We are very excited to receive EU funding as part of a consortium to develop an innovative and disposable point-of-care patch for diagnosing Ebola and Lassa viruses. These diseases were selected due to their potential pandemic threat, high mortality rates, lack of vaccines / treatments, and prevalence in resource-limited settings.
The Ebola virus has an average case fatality rate of around 50%, according to the World Health Organization. Good outbreak control is essential. Lassa fever, though less deadly with a 1% fatality rate, is an acute viral haemorrhagic illness. It is caused by exposure to food or household items contaminated by infected Mastomys rats; it’s endemic in the rodent population in parts of West Africa. For both illnesses, the integration of nano-technological advancement, micro-needle technology, and our data-driven AI aims to improve virus detection and intervention strategies.
How Does the Patch Work?
The DECIPHER (Decentralised Microfluidic In Vitro Diagnostic Patch for Pandemic Control) is applied as a skin patch. Using nano-technological innovations, the patch can sample patients’ blood in a non-invasive manner via micro needles. This promises greater patient comfort and compliance.
Embedded within the patch is an integrated Polymerase Chain Reaction (PCR) test, which automates the detection of viral genetic material. The results of the PCR test are then processed using a portable glucose meter, providing real-time readings that indicate the presence and quantity of the virus in the patient's bloodstream. These measurements offer clinicians essential insights for treatment decisions and patient management.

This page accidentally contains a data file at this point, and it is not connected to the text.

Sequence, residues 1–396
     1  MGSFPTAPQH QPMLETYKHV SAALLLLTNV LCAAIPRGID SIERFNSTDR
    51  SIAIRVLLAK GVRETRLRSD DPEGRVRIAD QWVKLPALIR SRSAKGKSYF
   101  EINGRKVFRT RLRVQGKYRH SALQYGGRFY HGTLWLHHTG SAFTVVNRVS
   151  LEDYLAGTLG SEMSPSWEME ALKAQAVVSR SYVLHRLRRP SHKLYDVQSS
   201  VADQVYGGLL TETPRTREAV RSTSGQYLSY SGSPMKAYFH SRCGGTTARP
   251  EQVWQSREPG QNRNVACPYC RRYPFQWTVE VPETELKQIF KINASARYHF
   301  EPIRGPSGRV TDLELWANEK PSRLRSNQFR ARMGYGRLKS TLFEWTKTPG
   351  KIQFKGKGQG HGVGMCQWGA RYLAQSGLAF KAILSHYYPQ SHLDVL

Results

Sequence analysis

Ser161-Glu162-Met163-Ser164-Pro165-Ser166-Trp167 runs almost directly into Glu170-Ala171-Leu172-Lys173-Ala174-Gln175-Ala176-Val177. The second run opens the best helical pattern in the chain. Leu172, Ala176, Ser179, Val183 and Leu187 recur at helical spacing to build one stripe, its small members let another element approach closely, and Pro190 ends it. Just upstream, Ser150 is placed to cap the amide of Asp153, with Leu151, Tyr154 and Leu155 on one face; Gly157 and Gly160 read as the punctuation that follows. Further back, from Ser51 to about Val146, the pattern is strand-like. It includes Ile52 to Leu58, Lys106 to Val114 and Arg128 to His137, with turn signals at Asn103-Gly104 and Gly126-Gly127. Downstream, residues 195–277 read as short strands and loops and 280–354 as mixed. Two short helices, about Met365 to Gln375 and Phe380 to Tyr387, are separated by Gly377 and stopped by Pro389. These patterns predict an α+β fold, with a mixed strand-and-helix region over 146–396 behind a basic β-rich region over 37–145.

Our Role: Data Integration and Risk Modelling
We’ll play a pivotal role in this initiative by integrating field test results with socioeconomic and contextual data. The goal is to create predictive models that can assess the risk of disease spread in regions not yet subjected to testing campaigns. By leveraging epidemiological expertise and validation, we aim to ensure these models are accurate and generalisable. In this way, we can identify high-risk areas in these countries. By forecasting disease risk in advance, public health officials can allocate resources, such as tests and interventions, more effectively. This should play a role in preventing potential outbreaks.
In addition, real-time dashboards provide our health partners with up-to-date projections of disease burdens and regions at risk. Powered by artificial intelligence, these tools enable decision makers to take prompt actions to mitigate the spread of viruses across borders. The combination of our data-driven insights and real-time monitoring enhances the efficiency of response efforts.
In conclusion, we are very pleased to have received this funding as the DECIPHER project aligns with the goals of pandemic preparedness by providing advanced diagnostic and AI tools to facilitate the early and accurate detection of debilitating infectious diseases like Ebola and Lassa viruses.